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‘Room 237,’ Kubrick Fanatics And a Bonus Recommendation

'Room 237,' Kubrick Fanatics And a Bonus Recommendation

The rapturous responses to Room 237 that came out of the Sundance Film festival seem wildly
overstated, but understandable. This modest, entertaining, and at times
visually clever documentary about The Shining — in which a handful of
obsessives decode the signposts to supposedly “true” meanings lurking
in Kubrick’s subtext — is exactly the kind of inbred film that some cineastes go
bonkers for. Not as bonkers as the theorists interviewed for the film, of
course. They are hard to top in the thinking-gone-haywire department.

The theorists in Room
237
are all disembodied voices, as ghostly as the visitors to the Overlook Hotel,
where most of The Shining is set.
They speculate about the meaning of the story about a couple and their small
son alone in a spooky isolated hotel where murders have taken place. What’s
really going with Jack Torrance (Jack Nicolson in one of his now-iconic roles)
the father gradually losing his mind — or is he a murderous ghost? And what’s
with his psychically-gifted son, Danny? Attacking these questions, they make
the kind of arbitrary connections you might find in a bad term paper — excited,
no-context speculation that makes you realize the true meaning of “sophomoric.”
 What they say is ultimately less
intriguing than what the film suggests about Kubrick, fanaticism and how The Shining has been absorbed into pop
culture.

One of the voices, from ABC News Reporter Bill Blakemore,
insists the story is a metaphor for the genocide of Native Americans. Much of his
argument hinges on the hotel’s location over an Indian burial ground and presence
of a can of Calumet baking powder, with an Indian’s image on the label, which
we can see clearly when Jack is locked in the store room.

Looking at the scene in Room
237
, I wondered: Calumet? Why not choose Tang as the single, loopy thread
to pull? Plenty of that is conspicuously on the shelf too. Sure enough, soon
someone is arguing that The Shining
is Kubrick’s metaphor for his participation in faking film of the moon landing.
Just look at all that Tang! (And of course if Kubrick had done such a thing, he
would definitely want to spill his guts, metaphorically, all over his work.)

You see the problem. Kubrick himself clearly alluded to
Diane Arbus’ famous photograph of twins in the image Danny sees of  identically
dressed girls, murdered long ago. Where do you draw the
line? Let’s say canned goods. There are cartons of canned peaches right behind Jack’s
head too — where’s the canned peach theory of The Shining?

Room 237 is visually
 energetic and playful enough, with clips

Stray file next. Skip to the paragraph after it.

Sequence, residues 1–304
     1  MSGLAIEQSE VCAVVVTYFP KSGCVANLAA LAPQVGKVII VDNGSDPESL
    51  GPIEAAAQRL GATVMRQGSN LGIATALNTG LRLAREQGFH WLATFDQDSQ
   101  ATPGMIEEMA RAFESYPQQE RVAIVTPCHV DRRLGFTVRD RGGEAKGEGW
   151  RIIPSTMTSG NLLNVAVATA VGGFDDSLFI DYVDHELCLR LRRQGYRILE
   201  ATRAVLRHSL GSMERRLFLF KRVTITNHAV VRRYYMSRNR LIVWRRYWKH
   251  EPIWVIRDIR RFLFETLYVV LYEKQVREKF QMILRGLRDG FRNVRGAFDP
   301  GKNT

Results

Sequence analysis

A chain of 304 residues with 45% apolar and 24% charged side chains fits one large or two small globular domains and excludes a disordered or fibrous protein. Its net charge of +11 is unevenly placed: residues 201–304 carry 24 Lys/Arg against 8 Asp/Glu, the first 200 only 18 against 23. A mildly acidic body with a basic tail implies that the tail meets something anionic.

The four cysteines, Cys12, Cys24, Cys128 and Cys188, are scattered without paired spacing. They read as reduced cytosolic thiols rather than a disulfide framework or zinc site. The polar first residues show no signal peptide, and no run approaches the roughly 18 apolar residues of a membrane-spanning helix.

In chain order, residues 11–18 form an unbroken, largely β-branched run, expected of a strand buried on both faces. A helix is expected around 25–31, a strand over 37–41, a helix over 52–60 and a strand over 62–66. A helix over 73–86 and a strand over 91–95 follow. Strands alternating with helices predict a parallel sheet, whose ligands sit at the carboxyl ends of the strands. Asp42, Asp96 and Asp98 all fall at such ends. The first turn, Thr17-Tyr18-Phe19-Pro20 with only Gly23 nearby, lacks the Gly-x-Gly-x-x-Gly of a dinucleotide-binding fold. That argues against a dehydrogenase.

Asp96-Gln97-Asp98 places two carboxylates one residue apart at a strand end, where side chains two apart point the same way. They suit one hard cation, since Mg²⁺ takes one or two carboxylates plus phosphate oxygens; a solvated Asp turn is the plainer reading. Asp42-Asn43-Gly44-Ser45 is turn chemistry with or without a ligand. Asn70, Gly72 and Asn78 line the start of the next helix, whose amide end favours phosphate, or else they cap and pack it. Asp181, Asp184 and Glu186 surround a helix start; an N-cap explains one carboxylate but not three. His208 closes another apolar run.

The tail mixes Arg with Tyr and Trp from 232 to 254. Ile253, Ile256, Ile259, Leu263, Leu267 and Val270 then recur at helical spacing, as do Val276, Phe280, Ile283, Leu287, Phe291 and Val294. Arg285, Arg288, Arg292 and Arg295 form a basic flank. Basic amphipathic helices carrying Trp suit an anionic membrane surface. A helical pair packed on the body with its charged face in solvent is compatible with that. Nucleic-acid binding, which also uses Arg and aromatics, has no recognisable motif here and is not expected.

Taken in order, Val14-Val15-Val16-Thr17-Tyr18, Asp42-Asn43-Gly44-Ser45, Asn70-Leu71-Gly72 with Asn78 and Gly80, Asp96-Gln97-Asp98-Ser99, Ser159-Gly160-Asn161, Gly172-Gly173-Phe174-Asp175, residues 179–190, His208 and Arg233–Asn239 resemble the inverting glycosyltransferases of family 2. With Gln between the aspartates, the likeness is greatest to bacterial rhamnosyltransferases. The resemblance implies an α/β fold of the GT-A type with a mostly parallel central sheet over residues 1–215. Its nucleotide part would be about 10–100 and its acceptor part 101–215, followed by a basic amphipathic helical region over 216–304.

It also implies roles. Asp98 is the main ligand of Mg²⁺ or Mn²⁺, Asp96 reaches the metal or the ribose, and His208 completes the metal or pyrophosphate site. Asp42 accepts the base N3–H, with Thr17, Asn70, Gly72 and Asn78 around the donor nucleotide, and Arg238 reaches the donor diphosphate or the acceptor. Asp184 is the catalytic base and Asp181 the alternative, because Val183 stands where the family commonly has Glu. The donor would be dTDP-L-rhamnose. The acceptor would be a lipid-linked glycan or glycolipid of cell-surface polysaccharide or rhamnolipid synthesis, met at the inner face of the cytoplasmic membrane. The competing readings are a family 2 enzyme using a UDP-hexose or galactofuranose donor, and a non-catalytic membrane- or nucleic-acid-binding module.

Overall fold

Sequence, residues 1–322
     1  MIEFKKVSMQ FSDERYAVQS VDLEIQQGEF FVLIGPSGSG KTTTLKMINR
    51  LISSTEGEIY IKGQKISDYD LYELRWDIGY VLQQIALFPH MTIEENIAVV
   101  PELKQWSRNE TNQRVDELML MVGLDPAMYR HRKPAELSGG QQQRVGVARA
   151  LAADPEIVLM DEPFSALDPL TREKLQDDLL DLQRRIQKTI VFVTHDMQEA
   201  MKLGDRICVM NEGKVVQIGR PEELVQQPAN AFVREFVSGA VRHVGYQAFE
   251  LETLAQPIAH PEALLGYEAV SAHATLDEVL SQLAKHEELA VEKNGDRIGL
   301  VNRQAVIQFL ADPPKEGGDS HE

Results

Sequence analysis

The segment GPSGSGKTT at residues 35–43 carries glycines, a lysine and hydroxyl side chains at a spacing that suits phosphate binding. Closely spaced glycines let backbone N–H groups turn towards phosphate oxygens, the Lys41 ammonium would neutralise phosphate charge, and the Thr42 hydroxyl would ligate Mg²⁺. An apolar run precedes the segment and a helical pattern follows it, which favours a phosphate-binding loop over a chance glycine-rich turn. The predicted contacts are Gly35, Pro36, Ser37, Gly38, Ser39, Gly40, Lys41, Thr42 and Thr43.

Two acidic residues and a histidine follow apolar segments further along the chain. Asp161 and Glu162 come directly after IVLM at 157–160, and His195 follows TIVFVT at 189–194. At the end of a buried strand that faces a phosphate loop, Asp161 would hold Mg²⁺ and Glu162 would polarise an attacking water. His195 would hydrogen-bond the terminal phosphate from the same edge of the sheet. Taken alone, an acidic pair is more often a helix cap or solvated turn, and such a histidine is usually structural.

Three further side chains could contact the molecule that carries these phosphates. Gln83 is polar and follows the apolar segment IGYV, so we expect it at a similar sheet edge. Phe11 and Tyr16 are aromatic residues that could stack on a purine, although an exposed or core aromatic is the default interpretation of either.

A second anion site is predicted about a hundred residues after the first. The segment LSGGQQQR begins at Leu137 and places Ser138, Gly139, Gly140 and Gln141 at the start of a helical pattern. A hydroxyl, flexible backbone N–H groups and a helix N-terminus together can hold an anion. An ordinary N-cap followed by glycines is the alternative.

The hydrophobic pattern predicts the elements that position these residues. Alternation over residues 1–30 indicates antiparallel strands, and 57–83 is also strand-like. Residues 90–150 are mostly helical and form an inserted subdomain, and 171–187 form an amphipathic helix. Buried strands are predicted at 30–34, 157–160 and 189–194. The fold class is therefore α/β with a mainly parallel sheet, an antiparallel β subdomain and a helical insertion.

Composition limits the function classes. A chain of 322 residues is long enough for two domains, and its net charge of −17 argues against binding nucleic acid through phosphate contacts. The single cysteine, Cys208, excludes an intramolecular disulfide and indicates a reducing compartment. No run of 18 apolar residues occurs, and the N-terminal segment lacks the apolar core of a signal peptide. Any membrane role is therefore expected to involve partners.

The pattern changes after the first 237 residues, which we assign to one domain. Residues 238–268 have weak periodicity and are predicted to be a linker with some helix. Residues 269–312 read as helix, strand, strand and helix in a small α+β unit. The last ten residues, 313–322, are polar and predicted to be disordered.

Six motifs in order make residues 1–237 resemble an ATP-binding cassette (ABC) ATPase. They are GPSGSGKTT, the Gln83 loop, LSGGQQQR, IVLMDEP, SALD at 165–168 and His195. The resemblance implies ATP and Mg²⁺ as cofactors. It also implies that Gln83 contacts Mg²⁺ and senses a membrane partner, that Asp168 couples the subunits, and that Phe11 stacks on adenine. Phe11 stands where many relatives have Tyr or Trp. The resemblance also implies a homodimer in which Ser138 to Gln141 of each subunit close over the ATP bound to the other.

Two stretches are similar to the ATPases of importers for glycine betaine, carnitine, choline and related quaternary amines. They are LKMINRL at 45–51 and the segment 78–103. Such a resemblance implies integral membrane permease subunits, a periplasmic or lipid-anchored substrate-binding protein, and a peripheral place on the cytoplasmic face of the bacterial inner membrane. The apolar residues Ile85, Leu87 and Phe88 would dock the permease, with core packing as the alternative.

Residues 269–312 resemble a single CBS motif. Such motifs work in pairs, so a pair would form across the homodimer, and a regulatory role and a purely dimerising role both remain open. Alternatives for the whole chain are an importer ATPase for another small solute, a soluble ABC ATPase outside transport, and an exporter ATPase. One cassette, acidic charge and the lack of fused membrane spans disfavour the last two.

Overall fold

from The Shining and touches like inserts
on TV screens within those clips. But the documentary’s true appeal is letting
us argue with the lunacy — yes, it’s loony — of the theories. Early critics
have pointed out that the film doesn’t laugh at its contributors, which is technically
true, but only because its non-committal stance lets us  do that for ourselves.

Their theories are laughable because they are so reductive
about art. Kubrick understood that art is more nuanced and ambiguous than
anything we hear in Room 237. That’s
why the image in The Shining of blood
gushing out from the sides of the closed elevator doors and flooding the
hallway, coming right at us, is so terrifying — it’s a horror that is both
chillingly lucid and without rational explanation.  

And since the fun of watching Room 237 is arguing back, it helps to have seen the film recently. That
is a real joy. Kubrick’s film still works as horror. But we also see how much
Nicholson, with his demonically arched eyebrows and his sinister line “Heere’s
Johnny” as he puts an axe through a door, was so thoroughly in on the
joke. This is a witty horror film. A
whole generation has grown up without knowing that “Here’s Johnny” was
Johnny Carson’s famous intro, but Nicholson’s reading transcends that.

 Even when he was alive, Kubrick’s reclusiveness and secrecy
made him an easy target for quacks and fakers. l like Room 237, but here’s a film I recommend even more highly: Color Me Kubrick (2005), a comical, fact-based
story with John Malkovich as a man who masqueraded as Kubrick for years,
despite looking nothing like him and knowing nothing at all about film. The trailer gives you a good sense of its sly tone. 

And here’s Room 237’s
trailer. This is not a scene from the movie, but the ending hints at the film’s visual
playfulness

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